Seated external rotator cuff

Posted by & filed under Exercise and Training.

Here is a good example of an important exercise for those intent upon building strong – or big – muscles.  Lifestyle brings us forwards and rounded, making the muscles of the back long and weak.  In order to strengthen all the upper body muscles, the better the shoulders sit, the more flexible the upper back and the better balanced the muscles are, the better the results.  It is pointless working on the body beautiful if the end result is looking like a complete oik.

A few weeks ago, I published a blog on working the external rotator cuff whilst lying on the side.  This is a very good start position, especially if the shoulder has been injured.  The seated variation above is slightly more advanced and particularly works the biggest external rotator cuff muscle, the infraspinatus.  Below is a video showing the anatomy of the rotator cuff muscles of the shoulder.  Pointers for this exercise.

  • Sit on a bench and put one foot up on it.  The other foot goes flat on the floor, ideally out to the side.  If working the left arm, put the left foot up on the bench.
  • Sit up very straight and put the right hand on the bench behind you.  Turn your body towards your left knee.
  • Put your left elbow on your left knee.  Ideally it sits on the inside of the VMO – the inner knee muscle.  There should be a little groove for the elbow to sit in.  If there isn’t,  better do some VMO work!
  • Start with a light dumbbell – it is only a little muscle and in almost everybody, it’s weak.
  • Relax your shoulder and lower the dumbbell straight down as far as possible – it should be very close to your left calf at the lowest point.  If it isn’t, then get help to get more mobility in your shoulders.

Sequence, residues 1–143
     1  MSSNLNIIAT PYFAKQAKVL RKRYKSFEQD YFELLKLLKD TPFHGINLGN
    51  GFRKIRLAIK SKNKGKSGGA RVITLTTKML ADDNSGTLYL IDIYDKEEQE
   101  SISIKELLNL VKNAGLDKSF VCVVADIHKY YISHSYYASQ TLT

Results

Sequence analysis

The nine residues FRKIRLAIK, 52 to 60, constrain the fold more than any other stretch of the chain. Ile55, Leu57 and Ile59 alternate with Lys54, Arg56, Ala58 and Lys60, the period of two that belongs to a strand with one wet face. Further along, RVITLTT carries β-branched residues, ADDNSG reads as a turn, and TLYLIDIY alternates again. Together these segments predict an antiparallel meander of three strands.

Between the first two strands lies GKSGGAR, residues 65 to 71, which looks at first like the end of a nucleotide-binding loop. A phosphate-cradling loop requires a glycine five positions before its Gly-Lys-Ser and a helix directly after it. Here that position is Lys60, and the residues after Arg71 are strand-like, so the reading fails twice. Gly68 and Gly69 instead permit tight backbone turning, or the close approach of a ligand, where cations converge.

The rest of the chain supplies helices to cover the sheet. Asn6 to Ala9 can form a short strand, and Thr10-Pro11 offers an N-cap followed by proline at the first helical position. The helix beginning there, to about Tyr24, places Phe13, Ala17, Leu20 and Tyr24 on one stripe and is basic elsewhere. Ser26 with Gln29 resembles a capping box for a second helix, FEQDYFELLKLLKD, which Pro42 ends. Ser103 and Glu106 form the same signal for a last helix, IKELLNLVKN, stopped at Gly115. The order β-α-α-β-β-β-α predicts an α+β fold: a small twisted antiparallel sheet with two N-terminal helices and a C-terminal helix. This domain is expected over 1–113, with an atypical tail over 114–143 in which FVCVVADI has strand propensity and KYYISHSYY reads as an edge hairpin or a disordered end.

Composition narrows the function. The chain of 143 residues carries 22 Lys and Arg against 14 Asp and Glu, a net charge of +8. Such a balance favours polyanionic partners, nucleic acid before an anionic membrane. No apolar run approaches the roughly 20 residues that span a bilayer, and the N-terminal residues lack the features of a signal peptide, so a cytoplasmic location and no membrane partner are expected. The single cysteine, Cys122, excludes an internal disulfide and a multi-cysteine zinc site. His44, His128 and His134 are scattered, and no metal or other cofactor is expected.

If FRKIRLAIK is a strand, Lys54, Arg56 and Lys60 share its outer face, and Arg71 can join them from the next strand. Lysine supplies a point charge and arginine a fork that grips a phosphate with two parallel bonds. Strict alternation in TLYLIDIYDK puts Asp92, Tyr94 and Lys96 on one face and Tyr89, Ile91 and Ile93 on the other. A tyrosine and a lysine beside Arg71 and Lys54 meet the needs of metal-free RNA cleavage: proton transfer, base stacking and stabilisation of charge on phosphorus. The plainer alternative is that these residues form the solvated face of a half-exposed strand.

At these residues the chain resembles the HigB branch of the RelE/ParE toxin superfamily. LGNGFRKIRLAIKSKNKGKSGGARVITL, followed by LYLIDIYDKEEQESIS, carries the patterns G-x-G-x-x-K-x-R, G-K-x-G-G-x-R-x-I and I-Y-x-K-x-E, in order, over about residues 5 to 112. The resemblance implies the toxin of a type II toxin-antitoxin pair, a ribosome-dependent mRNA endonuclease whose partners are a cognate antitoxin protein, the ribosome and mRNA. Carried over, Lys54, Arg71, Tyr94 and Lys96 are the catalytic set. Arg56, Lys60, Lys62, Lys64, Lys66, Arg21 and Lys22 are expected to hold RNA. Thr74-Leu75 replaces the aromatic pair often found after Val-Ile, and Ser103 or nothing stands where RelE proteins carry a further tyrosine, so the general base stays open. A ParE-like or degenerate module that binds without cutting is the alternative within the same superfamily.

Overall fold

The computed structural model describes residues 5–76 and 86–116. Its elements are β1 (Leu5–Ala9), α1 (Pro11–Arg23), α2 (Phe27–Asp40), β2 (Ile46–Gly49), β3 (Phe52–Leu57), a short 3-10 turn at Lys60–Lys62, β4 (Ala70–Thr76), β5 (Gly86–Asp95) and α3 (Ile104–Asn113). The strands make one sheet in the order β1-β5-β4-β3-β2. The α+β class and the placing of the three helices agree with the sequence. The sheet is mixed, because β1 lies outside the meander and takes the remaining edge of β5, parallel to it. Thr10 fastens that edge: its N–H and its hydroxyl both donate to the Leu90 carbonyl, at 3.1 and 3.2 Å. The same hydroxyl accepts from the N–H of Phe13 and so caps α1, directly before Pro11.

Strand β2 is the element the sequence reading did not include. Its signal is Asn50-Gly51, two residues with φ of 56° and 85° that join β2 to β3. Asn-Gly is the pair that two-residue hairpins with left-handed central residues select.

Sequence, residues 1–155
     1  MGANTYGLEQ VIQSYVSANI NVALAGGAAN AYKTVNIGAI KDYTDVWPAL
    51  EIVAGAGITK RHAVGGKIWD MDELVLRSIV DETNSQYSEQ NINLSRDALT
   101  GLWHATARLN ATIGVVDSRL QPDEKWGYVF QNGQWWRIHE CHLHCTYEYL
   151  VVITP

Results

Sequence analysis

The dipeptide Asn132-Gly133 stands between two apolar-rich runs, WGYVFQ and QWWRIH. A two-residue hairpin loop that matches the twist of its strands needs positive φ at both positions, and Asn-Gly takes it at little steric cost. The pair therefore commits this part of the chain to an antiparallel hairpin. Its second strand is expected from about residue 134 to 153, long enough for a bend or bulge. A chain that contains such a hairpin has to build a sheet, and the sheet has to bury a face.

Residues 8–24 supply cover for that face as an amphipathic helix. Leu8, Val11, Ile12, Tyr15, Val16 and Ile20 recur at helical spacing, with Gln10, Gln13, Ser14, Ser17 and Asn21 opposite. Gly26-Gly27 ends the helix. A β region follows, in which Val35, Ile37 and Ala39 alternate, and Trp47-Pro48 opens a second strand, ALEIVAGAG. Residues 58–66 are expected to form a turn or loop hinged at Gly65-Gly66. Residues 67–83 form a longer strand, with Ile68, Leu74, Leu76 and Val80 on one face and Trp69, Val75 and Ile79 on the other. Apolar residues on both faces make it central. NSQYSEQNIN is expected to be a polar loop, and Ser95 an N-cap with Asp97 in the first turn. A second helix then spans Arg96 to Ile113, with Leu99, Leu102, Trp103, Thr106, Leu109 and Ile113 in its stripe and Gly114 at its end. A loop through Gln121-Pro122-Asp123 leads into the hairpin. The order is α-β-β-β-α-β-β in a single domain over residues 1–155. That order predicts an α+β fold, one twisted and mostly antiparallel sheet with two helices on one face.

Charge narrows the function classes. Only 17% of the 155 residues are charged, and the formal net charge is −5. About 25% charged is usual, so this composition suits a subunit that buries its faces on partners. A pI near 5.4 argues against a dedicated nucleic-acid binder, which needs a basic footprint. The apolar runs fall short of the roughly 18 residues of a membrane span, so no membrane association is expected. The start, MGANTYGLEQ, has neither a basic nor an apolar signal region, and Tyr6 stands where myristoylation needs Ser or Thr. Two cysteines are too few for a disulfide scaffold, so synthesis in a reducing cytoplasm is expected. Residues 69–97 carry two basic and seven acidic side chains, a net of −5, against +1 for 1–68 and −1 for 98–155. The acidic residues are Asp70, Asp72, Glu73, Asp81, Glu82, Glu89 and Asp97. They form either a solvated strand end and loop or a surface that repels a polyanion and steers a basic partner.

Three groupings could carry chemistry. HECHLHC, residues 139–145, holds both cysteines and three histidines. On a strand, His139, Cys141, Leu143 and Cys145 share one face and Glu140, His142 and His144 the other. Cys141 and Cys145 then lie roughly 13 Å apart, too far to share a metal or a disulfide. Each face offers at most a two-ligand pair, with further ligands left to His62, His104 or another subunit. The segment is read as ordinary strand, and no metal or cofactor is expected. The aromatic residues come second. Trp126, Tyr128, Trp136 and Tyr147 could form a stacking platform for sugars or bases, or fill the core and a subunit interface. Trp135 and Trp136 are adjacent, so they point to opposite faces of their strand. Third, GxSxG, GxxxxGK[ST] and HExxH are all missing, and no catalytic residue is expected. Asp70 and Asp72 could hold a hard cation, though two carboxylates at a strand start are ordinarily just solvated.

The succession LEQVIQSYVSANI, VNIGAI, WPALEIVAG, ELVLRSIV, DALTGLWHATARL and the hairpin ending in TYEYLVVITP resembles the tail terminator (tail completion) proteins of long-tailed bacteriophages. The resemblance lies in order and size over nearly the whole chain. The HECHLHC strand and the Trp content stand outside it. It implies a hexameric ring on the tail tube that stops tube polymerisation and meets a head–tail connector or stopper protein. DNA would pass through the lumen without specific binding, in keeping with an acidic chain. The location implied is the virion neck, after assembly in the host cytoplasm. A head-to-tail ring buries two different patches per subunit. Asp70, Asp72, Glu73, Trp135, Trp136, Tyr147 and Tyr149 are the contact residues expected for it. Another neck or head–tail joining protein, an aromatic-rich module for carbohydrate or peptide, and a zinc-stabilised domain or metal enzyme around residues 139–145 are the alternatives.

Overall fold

• As you lower the dumbbell, make sure the movement is coming from your upper arm bone.  There will be a tendency to roll the whole shoulder forwards.  The shoulder blade needs to remain flat on the back.
  • Lift the dumbbell up – perhaps a little slower than on the video.  Take a whole second to lift.  Think about turning the bicep up from floor to ceiling.
  • Then lower the dumbbell down for about 4 seconds, so a good tempo for this exercise is 4-0-1-0.1  Actually the best training tempo is 4 -1-1-0 – putting a small pause just before raising the dumbbell for 1 second.  This helps us really get in touch with the muscle.
  • Trust me, this muscle can  be felt.  You will be getting a burning across the back of the shoulder blade.  If you feel it anywhere else, for example in the bicep, then the action needs refining.

The reason for lowering the weight more slowly than lifting it:  in fast pushing or punching actions, the infraspinatus has an important braking action on the arm, what is called the eccentric part of the load put on the muscle.  Concentric is when a muscle is contracting, as in curling a dumbbell upwards in the dumbbell curl; eccentric is when the dumbbell goes back down.  Therefore the infraspinatus needs to be very strong in its eccentric action.  In fact, most injuries happen when a muscle is working eccentrically – another prime example is a hamstring tear.  So working on the external rotator cuff helps prevent injury, and, because the muscles are better balance, will help you push heavier.

  1. The tempo.  4-0-1-0 is a Charles Poliquin way of writing down the speed an exercise is done in.  Trainers do vary how they write down tempo.  The Poliquin method, the first number always refers to the lowering part of the movement.  The second number is how long you wait at or very near the bottom point, the 3rd, the lifting part and the fourth number the time between the top of the movement and beginning the descent again.  Do remember that with a lat pull down, for example, the lowering part is when the arms go UP – look at the weight stack and you’ll see the weights are going down.  Each number is 1 second. []

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